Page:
“These policies continue,” Wood went on. “[Kennedy] has not answered for these other than given us this ‘things are complicated. I was trying to do this. There was a recession.’ But yet tuition goes up?”
“Sure, because we needed to fund greater scholarship dollars to make school more affordable to people who were not at the top end of economic spectrum,” Kennedy replied.
A 2014 report from the Illinois State Board of Higher Education acknowledges a statewide decline in African American enrollment at state universities, citing a lagging economy, cuts to the Monetary Award Program (MAP grants), budget fights and educational challenges for some students in earlier grades.
Kennedy also says underperforming enrollment rates in the African American community stem from poor outcomes at public schools.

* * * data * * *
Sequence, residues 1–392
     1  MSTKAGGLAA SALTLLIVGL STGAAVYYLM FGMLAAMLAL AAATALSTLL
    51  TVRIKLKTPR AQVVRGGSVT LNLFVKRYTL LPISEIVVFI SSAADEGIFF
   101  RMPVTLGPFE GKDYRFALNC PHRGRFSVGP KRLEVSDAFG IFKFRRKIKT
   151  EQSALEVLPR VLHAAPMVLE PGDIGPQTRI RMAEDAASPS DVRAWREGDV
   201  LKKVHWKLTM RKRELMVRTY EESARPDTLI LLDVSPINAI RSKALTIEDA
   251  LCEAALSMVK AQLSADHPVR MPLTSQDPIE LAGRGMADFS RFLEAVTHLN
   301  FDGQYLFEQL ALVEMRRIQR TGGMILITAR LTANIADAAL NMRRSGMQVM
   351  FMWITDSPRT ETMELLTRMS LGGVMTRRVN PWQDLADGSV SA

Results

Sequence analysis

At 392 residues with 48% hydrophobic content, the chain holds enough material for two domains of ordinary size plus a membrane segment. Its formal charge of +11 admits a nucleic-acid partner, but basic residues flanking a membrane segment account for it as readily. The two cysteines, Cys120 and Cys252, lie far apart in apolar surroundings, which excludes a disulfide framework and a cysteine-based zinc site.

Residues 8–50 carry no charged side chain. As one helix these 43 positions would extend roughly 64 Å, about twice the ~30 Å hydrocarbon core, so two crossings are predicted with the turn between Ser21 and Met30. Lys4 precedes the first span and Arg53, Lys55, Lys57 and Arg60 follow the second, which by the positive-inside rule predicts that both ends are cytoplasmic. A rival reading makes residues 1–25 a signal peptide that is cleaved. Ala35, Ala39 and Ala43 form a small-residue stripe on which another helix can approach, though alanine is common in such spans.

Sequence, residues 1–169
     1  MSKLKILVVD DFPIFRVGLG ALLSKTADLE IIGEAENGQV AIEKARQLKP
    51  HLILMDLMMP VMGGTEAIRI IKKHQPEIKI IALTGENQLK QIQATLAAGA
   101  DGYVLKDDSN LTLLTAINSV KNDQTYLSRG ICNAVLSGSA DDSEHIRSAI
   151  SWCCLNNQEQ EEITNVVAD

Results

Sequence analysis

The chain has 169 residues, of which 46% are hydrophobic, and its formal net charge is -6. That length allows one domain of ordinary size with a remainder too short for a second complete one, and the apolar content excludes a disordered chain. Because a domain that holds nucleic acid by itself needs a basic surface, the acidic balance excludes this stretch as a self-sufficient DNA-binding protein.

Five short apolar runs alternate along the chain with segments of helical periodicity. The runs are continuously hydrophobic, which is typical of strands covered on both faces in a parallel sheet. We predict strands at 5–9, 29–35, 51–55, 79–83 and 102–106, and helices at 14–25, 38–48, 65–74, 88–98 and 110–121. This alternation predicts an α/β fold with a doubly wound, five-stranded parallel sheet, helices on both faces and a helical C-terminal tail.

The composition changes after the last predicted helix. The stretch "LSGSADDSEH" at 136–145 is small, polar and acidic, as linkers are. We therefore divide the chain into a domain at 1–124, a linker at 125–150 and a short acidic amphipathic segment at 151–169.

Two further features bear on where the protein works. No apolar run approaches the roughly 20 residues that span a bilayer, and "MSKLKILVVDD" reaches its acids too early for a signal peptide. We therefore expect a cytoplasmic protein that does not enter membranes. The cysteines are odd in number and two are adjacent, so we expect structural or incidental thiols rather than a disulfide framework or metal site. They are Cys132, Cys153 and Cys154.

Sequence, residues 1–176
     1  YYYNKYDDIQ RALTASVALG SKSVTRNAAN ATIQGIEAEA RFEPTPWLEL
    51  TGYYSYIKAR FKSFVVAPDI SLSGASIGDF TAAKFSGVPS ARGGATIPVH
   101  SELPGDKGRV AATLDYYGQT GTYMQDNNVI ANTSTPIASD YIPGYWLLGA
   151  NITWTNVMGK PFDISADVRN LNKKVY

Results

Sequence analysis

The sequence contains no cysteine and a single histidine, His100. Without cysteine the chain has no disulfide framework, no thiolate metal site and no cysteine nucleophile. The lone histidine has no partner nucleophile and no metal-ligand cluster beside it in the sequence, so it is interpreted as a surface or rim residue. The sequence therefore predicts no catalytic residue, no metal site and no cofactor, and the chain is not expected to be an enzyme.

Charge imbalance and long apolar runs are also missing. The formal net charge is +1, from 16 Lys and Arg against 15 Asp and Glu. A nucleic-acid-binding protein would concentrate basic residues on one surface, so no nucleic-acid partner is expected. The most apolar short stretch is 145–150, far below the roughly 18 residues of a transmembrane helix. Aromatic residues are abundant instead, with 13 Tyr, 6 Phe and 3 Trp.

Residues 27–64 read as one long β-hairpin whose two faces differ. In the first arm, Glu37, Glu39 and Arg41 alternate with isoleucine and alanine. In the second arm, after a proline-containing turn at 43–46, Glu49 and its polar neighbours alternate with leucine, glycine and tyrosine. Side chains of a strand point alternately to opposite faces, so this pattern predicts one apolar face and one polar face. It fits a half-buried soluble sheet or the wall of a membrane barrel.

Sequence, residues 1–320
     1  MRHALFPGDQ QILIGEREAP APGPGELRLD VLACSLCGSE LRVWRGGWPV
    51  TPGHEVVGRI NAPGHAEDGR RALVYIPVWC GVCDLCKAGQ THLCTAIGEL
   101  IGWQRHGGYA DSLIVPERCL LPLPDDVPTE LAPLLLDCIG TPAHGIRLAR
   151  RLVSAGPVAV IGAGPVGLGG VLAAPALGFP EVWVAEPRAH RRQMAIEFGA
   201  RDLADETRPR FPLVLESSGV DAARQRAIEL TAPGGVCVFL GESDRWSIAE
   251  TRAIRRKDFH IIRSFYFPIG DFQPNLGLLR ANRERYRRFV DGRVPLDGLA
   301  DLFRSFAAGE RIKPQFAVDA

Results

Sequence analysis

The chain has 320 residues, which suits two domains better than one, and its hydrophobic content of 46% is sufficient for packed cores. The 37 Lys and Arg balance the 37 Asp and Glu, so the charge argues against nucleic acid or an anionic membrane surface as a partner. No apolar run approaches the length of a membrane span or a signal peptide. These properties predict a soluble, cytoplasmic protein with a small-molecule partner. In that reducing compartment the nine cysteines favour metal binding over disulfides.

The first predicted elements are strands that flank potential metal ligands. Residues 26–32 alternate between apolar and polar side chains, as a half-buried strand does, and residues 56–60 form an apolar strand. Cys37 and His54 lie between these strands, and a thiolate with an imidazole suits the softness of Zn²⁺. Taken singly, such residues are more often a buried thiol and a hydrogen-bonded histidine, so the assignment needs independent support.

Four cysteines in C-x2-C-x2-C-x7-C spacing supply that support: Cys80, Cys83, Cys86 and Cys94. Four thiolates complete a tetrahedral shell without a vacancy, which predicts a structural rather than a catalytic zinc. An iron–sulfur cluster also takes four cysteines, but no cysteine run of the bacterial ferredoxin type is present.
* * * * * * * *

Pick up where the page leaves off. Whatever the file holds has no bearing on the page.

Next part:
“13 percent of all the kids who graduate from any public high school in the city of Chicago graduate college ready, ready to enter the workplace,” Kennedy said. “They are not ready to go to college.”
Kennedy says he would increase funding to elementary, middle and high schools if he becomes governor.
“It all ties together,” Moore said. “If communities don’t have the resources they need, people don’t feel safe and then violence happens.
“When you close the school, you are not only taking away jobs, you are taking away after school programs, you are taking away a lifeline of that specific neighborhood that is somewhere for kids to go,” said Moore.
How do voters know Kennedy isn’t just making up empty campaign promises?
“The truth is, I have been punished for telling the truth and other people have been rewarded for telling lies,” Kennedy proclaimed, later suggesting the media and the Democratic party are the ones he believes are punishing him.
“I think when the public sees someone who is punished for telling the truth, then I think they will believe in it even more strongly,” Kennedy said.
The University of Illinois said in an email that “Mr. Kennedy’s leadership fixed tuition increases at or below the rate of inflation and precipitated a downward trend for the rate of tuition increases that continues.”